I get to visit a lot of centers, and meet a lot of people who work for CILs or SILCs or are on the board of one. I see centers that are “service providers” and, in contrast, centers that are the meeting place of the “disability community”, and there is a big difference between these two very different approaches to IL. I have not specifically visited Michigan, but I have followed some of the writings of advocates there. A recent article on that topic got me to thinking about these differences and their import.canstockphoto12372026

Because we (CILs) receive federal and sometimes state funding, we are required by that funding to look a certain way, to provide specific core services, to meet specific requirements of consumer control. Those organizations that focus on the specifics of service delivery are in danger of staff and board claiming a diagnosis to qualify as a consumer so the numbers work out, and missing the point of consumer control. Sometimes I am asked what to do when a board or staff member doesn’t self-identify as disabled, but the Executive Director is aware of some condition that the ED feels would qualify. My answer is always, “If they don’t disclose a disability you cannot count them in your more than 50% requirement for consumer control. If they identify as part of the disability community they will tell you.”

The CIL’s board must be made of of the same people who are eligible to receive services as described in the Rehab Act. More than 50% of SILC members must be people with disabilities who don’t work for the state or a CIL. If you are recruiting these members and ever find yourself asking, “Don’t you have some disability of some kind?” (talking a board or staff member into claiming a disability) your CIL or SILC is missing the point.

Some of this has happened because bright, mainstreamed, professional adults with disabilities never darken the door of a CIL. Unless you have an active youth network, those individuals don’t know about our history in disability rights. They don’t yet see that they can be a part of the disability community and contribute their experience and independence to benefit all of us. And the SILC and CILs look for representation instead of consumer control.

I think our hope of getting IL off of “life support” (quoting Eleanor Canter,Advocate) lies in our youth, who come together regardless of whether or not they have an IEP or other disability related services while in school. They are excited to learn about disability rights and culture. We must encourage them to exert their leadership on SILCs and as staff and board member of CILs, and to re-frame Centers as a place where as a culture all people with disabilities gather, learn from each other, plan together for the community, and go forth to change the world.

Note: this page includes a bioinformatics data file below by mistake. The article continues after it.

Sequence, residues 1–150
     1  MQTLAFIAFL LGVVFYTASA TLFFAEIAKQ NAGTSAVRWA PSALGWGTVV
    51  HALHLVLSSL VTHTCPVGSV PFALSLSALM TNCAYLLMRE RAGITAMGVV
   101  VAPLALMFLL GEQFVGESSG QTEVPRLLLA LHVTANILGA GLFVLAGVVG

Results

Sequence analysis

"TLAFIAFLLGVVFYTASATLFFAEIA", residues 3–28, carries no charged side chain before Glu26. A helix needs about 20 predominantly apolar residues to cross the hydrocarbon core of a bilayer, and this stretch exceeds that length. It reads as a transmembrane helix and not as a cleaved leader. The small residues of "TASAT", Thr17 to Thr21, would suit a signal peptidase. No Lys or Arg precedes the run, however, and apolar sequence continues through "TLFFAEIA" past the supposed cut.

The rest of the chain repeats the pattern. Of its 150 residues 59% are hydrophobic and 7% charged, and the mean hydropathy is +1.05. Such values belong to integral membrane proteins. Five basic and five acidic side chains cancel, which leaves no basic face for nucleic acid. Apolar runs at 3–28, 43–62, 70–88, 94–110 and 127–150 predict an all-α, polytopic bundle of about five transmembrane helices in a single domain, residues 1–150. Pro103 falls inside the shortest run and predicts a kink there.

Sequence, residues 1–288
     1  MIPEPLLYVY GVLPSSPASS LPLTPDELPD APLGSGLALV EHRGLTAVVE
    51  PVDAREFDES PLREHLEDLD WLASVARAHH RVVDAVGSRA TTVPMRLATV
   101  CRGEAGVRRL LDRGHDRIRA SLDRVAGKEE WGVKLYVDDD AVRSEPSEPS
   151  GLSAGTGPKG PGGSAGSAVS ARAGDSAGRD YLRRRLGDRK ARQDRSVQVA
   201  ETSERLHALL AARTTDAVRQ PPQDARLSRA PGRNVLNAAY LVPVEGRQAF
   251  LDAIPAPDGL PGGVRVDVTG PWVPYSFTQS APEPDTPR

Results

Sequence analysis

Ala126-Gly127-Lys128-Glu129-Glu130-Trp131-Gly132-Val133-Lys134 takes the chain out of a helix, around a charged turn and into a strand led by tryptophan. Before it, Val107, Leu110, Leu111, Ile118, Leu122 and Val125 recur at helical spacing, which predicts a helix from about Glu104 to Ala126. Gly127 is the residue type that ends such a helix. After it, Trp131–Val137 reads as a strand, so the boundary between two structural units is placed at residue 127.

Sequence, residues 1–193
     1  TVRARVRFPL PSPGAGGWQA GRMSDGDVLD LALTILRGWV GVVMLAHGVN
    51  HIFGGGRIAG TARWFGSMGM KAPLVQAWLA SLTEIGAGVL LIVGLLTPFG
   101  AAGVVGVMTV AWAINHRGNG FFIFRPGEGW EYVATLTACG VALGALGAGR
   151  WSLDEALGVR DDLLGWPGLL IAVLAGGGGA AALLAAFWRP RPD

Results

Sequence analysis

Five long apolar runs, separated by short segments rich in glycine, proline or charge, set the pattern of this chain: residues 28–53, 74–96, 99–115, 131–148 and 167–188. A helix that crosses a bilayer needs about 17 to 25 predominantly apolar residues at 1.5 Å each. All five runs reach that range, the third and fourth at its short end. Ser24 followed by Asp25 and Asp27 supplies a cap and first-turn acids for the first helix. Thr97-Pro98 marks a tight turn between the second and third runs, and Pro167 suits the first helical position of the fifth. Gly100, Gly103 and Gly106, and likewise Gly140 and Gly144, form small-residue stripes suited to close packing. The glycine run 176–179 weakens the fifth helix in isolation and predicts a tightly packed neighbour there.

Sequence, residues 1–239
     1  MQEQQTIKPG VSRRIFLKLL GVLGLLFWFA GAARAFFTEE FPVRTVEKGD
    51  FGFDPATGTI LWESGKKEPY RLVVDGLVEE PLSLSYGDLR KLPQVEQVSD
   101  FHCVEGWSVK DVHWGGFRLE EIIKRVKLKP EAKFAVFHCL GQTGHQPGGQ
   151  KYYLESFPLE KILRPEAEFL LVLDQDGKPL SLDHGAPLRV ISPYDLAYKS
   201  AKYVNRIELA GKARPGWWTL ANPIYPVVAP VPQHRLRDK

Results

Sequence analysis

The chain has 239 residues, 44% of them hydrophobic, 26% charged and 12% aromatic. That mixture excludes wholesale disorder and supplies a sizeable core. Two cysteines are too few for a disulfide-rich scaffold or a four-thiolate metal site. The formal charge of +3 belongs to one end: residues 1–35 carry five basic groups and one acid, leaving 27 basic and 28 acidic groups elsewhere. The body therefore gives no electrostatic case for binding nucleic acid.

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Consumer Control? Disability Community?

One thought on “Consumer Control? Disability Community?

  • November 11, 2016 at 9:14 am

    Words can not express my gratitude for your message about the unique IL model of service delivery and its foundation in consumer control.
    Teachers, doctors, other people saw me as disabled long before I identified with my disability, but when I did, it was with pride in my community, my people. My CIL was built by and for people with significant disabilities who redefined my experience. Being in the company of consumers exercising their power to transform our community was a contradiction of everything I had been taught about disability.
    At the time 90% of the staff, board and volunteers were easily identifiable as disabled and their presence in a meeting or a public event was enough to challenge the stereotype of weak or powerless. I loved those people who asserted their right to be counted as members of the greater community. They were remarkable individuals but some of that strength and confidence came from knowing they were part of system of peers supporting each other, pushing the boundaries of what is possible for people with disabilities.
    The existence of a consumer controlled CIL made every student with an IEP, or every group home resident with a PCP, or every job seeker with a IPE empowered to make decisions in their own interest. When CILs look like every other service provider they forfeit their most powerful tool for change, a visible disability community present and proud contradicting prejudice and discrimination.
    Thank you for giving voice to the critical role of disability identity and consumer control.


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